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The Fast Track From Code to Cloud

By Nigel DeFreitas
Aug 25, 2010 5:00 AM PT

Over the past decade, software development has undergone several transformations that have led to the new practices and methodologies such as agile development. Combining emerging technologies -- including dynamic language platforms, cloud computing, and agile development practices -- offers a paradigm shift away from traditional software development methods.

The Fast Track From Code to Cloud

Current industry trends related to agile development are likely to evolve in the next several years to accelerate the time to market for software development projects.

Libraries and Application Servers

Allan Kay, a famous computer scientist, once commented, "The best way to predict the future is to invent it." Developers in the late 1990s had at their disposal a few primary programming languages for building Internet applications. The majority of the applications were client-server based. Most of them used software-based SQL engines, XML parsers, and Java runtimes.

There were relatively few open source projects and components in widespread use; however, over the years, several specialized ActiveX and Java code snippets became available that solved specific low-level problems. By 2005, entire frameworks emerged that aggregated several libraries into a more comprehensive set of tools. These frameworks provided consistent resource management and solved common problems. It was no longer necessary to write your own low-level plumbing code.

Today, many open source libraries and frameworks are being assembled into entire platforms, such as the OpenStack (open source Platform as a Service, or PaaS) and OpenNeblula (open source Infrastructure as a Service, or IaaS) projects. In addition, hardware appliances have since emerged to subsume common functions such as SQL engines, DOM parsers, and JVM runtimes.

These will become commonplace in the future and allow developers to perform operations at near wire speed on terabytes of data. More than ever before, this evolution of libraries has freed up developers to focus more on business requirements and framework/library selection, rather than writing low-level plumbing code or integrating code snippets.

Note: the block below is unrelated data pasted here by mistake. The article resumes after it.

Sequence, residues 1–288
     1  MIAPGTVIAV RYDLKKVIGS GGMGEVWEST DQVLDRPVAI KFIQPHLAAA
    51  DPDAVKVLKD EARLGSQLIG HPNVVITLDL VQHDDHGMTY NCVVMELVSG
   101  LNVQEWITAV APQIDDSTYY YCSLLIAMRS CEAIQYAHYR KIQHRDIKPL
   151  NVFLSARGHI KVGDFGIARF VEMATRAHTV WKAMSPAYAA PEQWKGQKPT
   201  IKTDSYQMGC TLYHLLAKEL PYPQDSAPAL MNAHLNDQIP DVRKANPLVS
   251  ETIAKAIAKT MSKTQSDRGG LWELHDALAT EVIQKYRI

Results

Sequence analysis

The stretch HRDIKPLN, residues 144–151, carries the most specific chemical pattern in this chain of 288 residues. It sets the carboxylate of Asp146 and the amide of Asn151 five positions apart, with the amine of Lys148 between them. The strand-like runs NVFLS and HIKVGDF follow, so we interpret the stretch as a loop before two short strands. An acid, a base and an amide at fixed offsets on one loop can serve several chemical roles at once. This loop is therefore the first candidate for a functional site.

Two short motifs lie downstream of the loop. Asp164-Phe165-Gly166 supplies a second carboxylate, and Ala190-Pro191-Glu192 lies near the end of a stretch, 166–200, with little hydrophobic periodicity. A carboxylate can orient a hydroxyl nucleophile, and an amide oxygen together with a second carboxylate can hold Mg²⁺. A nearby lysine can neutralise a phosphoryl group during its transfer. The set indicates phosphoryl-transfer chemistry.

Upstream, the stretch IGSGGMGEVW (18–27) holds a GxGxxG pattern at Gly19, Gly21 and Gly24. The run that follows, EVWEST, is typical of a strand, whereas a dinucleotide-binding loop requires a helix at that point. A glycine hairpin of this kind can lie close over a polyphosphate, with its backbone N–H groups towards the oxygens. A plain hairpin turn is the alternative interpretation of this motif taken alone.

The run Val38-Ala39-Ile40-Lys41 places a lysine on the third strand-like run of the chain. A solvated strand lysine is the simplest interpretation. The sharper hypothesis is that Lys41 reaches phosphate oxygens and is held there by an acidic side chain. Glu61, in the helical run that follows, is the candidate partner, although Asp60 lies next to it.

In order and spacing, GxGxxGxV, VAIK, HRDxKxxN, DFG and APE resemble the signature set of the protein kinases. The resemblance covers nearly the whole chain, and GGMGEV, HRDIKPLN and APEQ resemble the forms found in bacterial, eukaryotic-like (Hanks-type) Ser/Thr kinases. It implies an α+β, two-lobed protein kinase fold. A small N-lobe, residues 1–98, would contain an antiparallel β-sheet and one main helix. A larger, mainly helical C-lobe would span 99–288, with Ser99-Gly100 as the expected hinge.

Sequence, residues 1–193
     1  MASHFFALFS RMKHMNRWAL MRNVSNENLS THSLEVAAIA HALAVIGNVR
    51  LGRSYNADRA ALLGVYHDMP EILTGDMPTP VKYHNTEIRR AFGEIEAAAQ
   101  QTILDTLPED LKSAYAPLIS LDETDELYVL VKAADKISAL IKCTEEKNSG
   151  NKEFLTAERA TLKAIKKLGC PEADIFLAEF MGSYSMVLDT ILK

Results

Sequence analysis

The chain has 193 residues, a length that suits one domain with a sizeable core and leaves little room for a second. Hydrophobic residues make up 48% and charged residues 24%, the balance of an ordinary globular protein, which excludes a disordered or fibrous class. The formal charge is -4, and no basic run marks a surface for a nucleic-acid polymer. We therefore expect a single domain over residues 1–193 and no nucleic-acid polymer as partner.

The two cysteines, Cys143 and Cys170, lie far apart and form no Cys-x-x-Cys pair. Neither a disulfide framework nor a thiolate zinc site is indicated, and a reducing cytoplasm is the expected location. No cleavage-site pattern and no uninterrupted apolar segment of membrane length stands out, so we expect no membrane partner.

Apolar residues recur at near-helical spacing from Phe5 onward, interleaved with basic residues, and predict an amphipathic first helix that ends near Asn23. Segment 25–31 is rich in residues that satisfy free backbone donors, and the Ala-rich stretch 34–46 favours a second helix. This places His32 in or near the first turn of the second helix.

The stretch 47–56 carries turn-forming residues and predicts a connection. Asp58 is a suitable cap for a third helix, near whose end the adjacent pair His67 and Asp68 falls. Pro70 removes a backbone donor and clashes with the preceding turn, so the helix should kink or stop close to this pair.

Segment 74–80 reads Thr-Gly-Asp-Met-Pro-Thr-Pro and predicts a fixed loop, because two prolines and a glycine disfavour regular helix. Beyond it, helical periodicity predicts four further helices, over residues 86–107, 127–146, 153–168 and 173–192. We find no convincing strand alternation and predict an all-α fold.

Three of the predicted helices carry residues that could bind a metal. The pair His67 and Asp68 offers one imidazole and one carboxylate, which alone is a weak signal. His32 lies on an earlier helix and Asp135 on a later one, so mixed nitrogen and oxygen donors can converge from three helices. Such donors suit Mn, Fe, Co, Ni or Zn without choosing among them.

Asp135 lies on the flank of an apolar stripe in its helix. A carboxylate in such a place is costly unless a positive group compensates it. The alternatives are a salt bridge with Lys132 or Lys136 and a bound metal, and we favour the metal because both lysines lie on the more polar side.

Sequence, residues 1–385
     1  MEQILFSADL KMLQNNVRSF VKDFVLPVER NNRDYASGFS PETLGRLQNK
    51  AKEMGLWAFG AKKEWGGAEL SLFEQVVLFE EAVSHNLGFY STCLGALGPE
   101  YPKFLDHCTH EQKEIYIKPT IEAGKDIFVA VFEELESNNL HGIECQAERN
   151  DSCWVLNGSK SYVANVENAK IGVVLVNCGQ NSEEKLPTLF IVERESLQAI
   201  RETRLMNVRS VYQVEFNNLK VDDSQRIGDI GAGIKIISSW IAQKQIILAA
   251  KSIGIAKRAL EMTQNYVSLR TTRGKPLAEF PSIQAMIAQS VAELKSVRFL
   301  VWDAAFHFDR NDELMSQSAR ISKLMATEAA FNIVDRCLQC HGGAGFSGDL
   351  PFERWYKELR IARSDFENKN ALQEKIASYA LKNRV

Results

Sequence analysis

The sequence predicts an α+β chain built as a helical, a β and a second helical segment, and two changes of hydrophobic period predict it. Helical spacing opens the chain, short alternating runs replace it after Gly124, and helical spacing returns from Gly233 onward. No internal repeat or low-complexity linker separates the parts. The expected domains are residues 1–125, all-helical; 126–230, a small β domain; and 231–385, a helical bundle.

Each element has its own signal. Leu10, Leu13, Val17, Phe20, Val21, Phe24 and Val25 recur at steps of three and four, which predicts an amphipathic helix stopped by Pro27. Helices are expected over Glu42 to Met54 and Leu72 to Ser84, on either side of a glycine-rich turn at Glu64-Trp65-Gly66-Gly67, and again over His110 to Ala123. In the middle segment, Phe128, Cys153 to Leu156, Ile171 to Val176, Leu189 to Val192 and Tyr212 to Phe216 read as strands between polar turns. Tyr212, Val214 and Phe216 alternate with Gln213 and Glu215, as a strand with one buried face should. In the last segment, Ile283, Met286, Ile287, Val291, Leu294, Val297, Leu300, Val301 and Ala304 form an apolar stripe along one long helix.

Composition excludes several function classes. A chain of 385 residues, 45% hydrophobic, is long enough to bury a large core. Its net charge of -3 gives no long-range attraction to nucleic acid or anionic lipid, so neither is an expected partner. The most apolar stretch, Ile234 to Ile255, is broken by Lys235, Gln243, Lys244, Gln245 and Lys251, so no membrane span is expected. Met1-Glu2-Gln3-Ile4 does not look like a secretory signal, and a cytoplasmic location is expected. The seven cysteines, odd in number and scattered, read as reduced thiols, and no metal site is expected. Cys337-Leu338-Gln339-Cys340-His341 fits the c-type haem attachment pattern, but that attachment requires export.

In the future, PaaS solutions will evolve to provide all the amenities now available in application servers and frameworks, such as messaging and transaction management. As applications mature, developers will spend less time contemplating scalability and other low-level issues.

Future applications will be built much faster and will easily process significantly larger volumes of data. Organizations that do not adopt PaaS and IaaS solutions in favor of traditional alternatives won't be able to compete. IT executives will implement solutions that save the corporation money and provide better agility.

Improvements in Web Application Productivity

Early Web application development techniques involved authoring HTML and ASP, JSP or PERL scripts. Developers' primary tools were text editors and IDEs that are no longer in mainstream use today. Tools got better, and soon developers could drag and drop UI elements and database resources to a canvas without writing significant amounts of code.

Today, it's possible to use Eclipse and dynamic languages such as Groovy with the GRAILS platform to build simple dynamic Web applications with as few as seven lines of code. A developer simply defines scaffolding and domain model. All other elements of the UI and associated MVC components are automatically generated.

Spring-Roo, another scriptable tool that brings similar productivity gains to traditional J2EE development, and ASP.NET frameworks such as DotNetNuke offer developers a rich ecosystem of free and commercial extensions for creating composite applications -- without writing a lot of code.